Life Matters – 2 – Entering the Interior Castle

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Entering the Interior Castle
In “The Interior Caste,” St. Teresa of Jesus encourages the reader to enter within themself and to roam through these mansions of their own soul. How can I do this? How can I enter within myself and wander around my soul?
Teresa writes, As far as I can understand, the door of entry into this castle is prayer and consideration. How can prayer and consideration be a door into my soul? What does she mean by prayer, and what does she mean by consideration?
She has already given her famous definition of prayer: Contemplative prayer [oración mental] in my opinion is nothing else than a close sharing between friends: it means taking time frequently to be alone with him who we know loves us. Elsewhere she also writes: If, while I am speaking with God, I have a clear realization and full consciousness that I am doing so, and if this is more real to me than the words I am uttering, then I am combining mental and vocal prayer. For Teresa, prayer is a conversation, an exchange with God. I am speaking to Him and listening to Him speak to me.
Also, what does she mean by consideration, and why do the two together make a doorway into one’s soul? For Teresa, prayer and consideration are inseparable: As far as I can understand, the door of entry into this castle is prayer and meditation: I do not say mental prayer rather than vocal, for, if it is prayer at all, it must be accompanied by meditation. If a person does not think Whom he is addressing, and what he is asking for, and who it is that is asking and of Whom he is asking it, I do not consider that he is praying at all even though he be constantly moving his lips. True, it is sometimes possible to pray without paying heed to these things, but that is only because they have been thought about previously. So in order to enter into the interior castle of my soul, I must speak to God and think about what I am saying when I do so.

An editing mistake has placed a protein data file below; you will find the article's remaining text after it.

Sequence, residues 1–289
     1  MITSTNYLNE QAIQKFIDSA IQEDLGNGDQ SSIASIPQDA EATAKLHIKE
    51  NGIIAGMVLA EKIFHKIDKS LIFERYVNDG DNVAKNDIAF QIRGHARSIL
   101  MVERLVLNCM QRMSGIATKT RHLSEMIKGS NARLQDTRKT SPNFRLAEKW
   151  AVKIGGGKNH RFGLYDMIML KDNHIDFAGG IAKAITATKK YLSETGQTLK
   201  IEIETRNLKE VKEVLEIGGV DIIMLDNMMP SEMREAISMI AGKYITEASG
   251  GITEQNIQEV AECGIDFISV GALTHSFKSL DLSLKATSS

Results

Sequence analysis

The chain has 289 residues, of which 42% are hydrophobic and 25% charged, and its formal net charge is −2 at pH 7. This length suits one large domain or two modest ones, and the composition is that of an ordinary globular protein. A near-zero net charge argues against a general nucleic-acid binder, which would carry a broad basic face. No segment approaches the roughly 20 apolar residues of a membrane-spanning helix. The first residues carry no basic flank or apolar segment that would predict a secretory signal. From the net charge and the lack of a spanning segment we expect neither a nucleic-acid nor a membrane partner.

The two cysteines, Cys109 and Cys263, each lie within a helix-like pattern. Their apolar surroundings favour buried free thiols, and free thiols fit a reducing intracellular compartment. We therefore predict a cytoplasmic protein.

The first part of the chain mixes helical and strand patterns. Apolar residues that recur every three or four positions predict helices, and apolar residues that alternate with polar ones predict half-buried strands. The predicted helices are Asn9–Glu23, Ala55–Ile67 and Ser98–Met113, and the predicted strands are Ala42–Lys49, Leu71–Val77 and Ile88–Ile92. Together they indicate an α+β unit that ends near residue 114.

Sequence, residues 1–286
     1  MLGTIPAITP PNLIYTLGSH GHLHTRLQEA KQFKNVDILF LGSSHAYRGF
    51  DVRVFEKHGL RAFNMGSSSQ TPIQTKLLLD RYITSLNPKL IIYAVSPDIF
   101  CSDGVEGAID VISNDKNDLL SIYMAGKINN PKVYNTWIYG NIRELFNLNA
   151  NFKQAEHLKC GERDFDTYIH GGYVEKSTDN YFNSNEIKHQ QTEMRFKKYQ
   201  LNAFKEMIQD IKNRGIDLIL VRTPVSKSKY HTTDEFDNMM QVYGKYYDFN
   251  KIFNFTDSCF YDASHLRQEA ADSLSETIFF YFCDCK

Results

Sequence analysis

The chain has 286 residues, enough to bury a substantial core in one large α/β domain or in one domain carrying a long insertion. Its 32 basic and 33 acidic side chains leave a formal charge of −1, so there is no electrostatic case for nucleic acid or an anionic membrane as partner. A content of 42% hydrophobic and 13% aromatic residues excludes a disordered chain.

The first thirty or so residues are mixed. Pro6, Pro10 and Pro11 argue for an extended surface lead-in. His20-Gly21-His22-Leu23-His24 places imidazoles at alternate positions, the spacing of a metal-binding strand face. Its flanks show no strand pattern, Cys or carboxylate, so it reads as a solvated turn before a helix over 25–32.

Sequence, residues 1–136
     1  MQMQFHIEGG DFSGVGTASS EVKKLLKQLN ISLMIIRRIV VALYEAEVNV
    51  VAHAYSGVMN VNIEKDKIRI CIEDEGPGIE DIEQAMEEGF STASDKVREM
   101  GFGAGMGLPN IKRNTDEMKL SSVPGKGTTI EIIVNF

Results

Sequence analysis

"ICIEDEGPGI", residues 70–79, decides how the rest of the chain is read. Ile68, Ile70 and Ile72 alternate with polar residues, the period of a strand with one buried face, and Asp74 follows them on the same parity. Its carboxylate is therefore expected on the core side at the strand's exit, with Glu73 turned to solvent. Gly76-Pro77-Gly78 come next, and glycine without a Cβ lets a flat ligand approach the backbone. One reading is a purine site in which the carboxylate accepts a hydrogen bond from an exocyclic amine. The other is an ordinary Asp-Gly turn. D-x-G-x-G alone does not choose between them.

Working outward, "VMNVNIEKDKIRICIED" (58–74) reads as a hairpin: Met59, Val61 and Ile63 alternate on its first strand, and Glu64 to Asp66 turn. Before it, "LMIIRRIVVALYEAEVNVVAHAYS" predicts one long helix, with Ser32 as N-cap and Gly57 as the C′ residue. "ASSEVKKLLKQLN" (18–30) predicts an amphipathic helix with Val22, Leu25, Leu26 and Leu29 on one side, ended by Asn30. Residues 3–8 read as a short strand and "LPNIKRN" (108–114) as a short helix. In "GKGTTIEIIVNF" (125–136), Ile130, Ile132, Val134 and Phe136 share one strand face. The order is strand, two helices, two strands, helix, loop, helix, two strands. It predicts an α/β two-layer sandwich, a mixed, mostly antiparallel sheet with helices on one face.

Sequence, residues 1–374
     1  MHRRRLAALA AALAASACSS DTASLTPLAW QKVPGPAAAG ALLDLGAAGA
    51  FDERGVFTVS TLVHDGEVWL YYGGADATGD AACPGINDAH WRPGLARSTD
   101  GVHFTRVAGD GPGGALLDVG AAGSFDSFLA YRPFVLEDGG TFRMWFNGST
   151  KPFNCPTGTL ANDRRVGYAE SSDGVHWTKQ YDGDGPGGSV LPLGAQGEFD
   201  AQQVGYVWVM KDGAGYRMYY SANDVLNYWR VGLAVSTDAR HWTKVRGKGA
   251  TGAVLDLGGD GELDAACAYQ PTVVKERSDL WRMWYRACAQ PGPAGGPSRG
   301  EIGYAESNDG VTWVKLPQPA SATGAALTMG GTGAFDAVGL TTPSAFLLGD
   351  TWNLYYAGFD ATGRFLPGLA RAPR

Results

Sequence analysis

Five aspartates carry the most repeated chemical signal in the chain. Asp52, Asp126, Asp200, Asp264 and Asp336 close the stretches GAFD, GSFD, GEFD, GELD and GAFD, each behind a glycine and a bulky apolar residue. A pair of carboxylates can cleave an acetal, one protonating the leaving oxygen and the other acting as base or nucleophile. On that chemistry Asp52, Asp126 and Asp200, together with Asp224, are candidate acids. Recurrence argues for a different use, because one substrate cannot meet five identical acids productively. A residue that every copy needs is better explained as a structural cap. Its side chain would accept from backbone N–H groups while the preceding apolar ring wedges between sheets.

When I pray, who is it that I am addressing? At Caesarea Philippi, Jesus asked His disciples, Who do people say that the Son of Man is? He was given various answers in reply: John the Baptist, Elijah, Jeremiah. Then He asked them, But who do you say that I am? This is the question that He asks each of His disciples, including you and me. We can give Peter’s answer, You are the Christ, the Son of the living God. But that is Peter’s answer, the answer the Father gave to Peter. What is my answer? Who do I say that He is? And why do I pray to Him? What do I ask Him? What do I hope from Him? These are some of the questions that I must ask myself, and it is this very asking which opens the door to my interior castle.

Categories: Carmelite Life

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